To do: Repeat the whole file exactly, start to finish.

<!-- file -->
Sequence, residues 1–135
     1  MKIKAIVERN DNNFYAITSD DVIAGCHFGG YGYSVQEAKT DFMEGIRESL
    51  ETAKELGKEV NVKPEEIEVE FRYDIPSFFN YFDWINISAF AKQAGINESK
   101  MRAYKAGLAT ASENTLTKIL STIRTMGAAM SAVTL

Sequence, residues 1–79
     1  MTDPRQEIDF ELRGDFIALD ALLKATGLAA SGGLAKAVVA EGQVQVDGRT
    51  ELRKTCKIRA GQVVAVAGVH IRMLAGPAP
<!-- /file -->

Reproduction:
Sequence, residues 1–135
     1  MKIKAIVERN DNNFYAITSD DVIAGCHFGG YGYSVQEAKT DFMEGIRESL
    51  ETAKELGKEV NVKPEEIEVE FRYDIPSFFN YFDWINISAF AKQAGINESK
   101  MRAYKAGLAT ASENTLTKIL STIRTMGAAM SAVTL

Sequence, residues 1–79
     1  MTDPRQEIDF ELRGDFIALD ALLKATGLAA SGGLAKAVVA EGQVQVDGRT
    51  ELRKTCKIRA GQVVAVAGVH IRMLAGPAP